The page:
Monday, September 05, 2005


September 11, 1992

Sirens woke me up. The sky was darker than normal in the early morning.
I could hear the wind pounding against our apartment walls. There was a mix of confusion. Keep the slatted window open or shut? I wasn't sure. We argued which was right. We opened them and the vertical blinds batted at us violently. We kept them shut. The wind was a scream that I couldn't ignore. We huddled nervously, holding hands, closing our eyes, at the center point of our tiny Hawaiian home wondering if the world around us was blowing away. Will we blow away as well?

The debris was the worst of our aftermath. It was everywhere. Our island didn't take the brunt of the storm. Kuai was decimated. The quiet after the storm was erupting with activity. The sounds of helicopters, emergency vehicles, and neighbors all working towards one purpose. Find those in need of help.

August 17, 1997

The sirens began at mid-day. I decided to go to work anyway. I had a class to teach. The roads were empty except for military police and the local authorities, and soon enough I was redirected back home. The wind was rocking my car, and I wasn't afraid. I half wished I could float away on one good gust and be done with it.

I arrived home, everyone was safe. The electricity was out, which meant no fans, no air conditioning in the unbearable Okinawan heat. We stayed cool by using ice cubes. That didn't last very long. We had stocked up on water and canned food, Iniki taught us well enough to not take too many chances.

Wait it out. For how long who can know?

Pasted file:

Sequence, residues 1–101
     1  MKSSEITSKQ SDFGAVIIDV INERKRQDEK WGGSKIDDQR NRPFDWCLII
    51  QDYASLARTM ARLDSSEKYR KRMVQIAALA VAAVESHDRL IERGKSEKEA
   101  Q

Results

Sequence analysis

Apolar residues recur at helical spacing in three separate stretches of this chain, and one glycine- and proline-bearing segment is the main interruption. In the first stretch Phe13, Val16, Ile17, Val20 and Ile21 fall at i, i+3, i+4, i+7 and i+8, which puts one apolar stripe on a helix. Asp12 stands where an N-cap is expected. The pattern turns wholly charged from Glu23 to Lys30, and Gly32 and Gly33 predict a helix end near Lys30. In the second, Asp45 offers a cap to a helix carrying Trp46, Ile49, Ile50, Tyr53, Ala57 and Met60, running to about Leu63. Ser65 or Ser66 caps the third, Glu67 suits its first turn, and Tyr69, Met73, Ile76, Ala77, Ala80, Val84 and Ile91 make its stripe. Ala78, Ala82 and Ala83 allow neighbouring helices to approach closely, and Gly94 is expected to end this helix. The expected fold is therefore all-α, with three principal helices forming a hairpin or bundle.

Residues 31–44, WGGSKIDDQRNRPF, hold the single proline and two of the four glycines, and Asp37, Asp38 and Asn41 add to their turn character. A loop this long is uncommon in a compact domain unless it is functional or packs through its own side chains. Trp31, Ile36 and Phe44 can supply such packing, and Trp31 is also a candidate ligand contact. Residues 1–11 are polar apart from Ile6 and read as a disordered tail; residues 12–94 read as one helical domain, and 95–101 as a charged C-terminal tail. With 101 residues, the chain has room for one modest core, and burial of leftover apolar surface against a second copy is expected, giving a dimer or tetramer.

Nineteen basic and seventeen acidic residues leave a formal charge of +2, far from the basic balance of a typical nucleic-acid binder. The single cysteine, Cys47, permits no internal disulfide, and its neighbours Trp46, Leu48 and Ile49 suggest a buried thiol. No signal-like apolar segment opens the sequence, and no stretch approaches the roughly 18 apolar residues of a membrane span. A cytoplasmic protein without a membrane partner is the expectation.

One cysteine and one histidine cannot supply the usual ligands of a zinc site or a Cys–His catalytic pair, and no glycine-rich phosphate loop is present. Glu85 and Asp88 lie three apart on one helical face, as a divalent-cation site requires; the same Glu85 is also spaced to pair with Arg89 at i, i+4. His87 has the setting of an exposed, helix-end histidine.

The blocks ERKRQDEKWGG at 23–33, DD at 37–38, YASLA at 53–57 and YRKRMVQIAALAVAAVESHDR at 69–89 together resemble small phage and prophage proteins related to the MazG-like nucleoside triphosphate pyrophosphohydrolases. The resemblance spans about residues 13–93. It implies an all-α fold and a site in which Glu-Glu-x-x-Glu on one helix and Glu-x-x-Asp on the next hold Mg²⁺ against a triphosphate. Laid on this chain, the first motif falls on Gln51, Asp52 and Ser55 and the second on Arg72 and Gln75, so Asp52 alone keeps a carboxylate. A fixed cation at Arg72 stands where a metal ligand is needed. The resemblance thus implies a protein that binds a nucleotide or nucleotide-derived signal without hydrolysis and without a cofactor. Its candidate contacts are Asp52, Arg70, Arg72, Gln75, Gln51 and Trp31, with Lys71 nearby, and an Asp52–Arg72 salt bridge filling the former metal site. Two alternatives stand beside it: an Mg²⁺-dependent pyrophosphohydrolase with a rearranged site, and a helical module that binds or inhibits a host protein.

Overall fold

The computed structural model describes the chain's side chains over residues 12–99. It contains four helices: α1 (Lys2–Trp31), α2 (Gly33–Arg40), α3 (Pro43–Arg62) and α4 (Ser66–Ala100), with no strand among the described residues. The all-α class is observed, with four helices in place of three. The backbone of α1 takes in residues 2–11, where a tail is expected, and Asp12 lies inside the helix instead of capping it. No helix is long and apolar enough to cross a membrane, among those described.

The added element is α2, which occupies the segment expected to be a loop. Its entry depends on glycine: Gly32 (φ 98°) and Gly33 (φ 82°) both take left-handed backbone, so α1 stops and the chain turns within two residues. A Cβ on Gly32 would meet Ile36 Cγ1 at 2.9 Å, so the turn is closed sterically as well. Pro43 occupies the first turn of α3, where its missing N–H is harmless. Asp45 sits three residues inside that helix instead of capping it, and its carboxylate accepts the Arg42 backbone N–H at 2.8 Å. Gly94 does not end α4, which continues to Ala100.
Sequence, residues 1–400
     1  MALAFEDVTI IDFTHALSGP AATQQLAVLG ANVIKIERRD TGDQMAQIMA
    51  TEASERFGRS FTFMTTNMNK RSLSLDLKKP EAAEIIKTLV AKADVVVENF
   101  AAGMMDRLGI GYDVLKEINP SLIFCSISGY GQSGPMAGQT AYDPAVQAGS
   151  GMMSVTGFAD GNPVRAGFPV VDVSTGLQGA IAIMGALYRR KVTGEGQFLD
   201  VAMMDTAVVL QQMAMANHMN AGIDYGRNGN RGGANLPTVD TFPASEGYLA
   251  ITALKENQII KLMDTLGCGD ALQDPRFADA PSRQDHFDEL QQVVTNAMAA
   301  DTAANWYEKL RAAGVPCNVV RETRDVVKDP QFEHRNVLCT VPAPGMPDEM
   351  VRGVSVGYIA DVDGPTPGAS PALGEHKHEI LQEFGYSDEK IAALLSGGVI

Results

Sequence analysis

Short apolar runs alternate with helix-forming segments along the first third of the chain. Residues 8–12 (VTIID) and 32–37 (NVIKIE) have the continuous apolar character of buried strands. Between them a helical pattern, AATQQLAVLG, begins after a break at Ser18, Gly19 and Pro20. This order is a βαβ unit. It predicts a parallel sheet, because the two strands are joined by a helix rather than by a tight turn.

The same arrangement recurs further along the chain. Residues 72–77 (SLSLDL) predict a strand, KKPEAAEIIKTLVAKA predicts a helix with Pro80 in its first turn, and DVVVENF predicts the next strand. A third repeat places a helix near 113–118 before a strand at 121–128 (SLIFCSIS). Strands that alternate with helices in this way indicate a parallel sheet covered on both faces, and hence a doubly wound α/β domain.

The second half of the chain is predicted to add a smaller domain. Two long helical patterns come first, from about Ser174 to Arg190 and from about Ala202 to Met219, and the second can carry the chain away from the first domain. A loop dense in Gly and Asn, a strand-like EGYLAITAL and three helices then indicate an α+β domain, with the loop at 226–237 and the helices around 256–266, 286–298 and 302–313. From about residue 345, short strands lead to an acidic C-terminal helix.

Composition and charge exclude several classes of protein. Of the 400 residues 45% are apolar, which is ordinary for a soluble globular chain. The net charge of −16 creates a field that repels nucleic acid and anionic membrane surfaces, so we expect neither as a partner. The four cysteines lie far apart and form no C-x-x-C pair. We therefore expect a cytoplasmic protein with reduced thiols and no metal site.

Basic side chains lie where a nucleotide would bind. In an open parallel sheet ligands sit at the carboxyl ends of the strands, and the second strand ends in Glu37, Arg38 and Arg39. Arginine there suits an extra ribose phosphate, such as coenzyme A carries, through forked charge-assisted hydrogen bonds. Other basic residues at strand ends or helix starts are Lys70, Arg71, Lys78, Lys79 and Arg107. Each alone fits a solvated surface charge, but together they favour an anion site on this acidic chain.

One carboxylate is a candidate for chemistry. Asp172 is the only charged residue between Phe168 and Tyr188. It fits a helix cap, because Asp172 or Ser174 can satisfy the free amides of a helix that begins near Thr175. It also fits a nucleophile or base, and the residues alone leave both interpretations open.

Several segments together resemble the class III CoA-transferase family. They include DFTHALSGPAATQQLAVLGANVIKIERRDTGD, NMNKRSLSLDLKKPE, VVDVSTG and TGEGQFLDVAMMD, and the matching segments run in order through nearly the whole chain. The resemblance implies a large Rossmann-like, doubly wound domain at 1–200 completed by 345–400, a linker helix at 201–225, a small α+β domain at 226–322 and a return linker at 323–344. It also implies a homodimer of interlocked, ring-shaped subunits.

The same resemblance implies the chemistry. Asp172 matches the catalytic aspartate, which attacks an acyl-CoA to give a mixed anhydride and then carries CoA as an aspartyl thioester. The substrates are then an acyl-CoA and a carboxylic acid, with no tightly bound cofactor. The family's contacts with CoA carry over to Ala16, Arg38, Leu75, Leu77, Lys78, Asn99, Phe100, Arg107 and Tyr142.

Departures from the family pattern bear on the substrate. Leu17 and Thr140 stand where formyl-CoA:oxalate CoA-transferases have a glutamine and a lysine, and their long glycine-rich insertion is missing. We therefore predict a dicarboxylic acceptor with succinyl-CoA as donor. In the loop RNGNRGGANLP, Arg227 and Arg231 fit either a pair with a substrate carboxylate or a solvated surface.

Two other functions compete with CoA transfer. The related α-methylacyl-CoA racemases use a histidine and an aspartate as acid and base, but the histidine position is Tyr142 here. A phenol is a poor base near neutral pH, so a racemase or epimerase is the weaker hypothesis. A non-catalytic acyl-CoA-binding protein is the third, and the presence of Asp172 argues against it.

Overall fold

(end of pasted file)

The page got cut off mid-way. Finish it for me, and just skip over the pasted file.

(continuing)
I stayed out on the balcony for as long as I could stand the wind. It rocked me nearly off my feet, and then I thought better of it. Inside, the slatted windows were shut. No argument this time. We alternated reading books to the kids until they fell asleep, and then played card games.

This time, our home was made of thick concrete. I had every faith that we would still be standing after the winds died.

Looking out the window, the palms were bent in half. The sky was dark, the rain sliced through everything, and the wind screamed at us. A truck rolled down the street, but not on it's tires. Topple topple.

A few hours later Winnie decided to wreak havoc elsewhere. Zac and Abi were still sleeping, and the sky was a sickly blue green yellow.

Who's turn was it again?

It is at this point that I want to state that I recognize how extremely fortunate I have been to have experienced two tremendous storms in my life, without suffering losses. I know the sound of the screaming wind, I have not felt the brunt of it's full force. Prayers to those who have.


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